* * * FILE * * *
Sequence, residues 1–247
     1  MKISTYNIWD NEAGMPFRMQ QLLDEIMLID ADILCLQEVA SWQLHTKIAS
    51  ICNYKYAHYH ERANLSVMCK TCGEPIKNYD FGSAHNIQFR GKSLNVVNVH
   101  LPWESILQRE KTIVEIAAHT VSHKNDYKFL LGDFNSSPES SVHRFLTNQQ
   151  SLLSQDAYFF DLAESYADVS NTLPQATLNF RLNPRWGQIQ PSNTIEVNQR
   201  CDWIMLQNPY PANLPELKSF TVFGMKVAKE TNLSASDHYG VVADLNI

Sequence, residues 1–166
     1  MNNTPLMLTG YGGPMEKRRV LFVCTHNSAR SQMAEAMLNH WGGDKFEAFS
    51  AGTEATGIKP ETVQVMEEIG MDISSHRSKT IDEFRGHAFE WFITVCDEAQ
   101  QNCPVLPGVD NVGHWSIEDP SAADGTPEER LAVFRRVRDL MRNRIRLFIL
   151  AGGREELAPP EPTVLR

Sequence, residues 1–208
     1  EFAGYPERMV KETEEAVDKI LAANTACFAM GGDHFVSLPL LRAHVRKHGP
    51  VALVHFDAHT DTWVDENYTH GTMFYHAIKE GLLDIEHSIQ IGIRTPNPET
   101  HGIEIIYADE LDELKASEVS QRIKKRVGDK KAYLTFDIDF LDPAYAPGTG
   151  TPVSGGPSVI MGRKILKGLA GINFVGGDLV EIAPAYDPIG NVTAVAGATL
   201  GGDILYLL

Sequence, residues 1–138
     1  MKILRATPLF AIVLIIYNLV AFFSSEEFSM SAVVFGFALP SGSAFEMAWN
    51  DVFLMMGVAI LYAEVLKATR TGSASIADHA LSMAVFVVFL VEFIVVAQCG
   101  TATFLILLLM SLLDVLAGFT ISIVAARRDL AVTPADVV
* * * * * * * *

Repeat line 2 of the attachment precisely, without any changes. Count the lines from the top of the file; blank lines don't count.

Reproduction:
     1  MKISTYNIWD NEAGMPFRMQ QLLDEIMLID ADILCLQEVA SWQLHTKIAS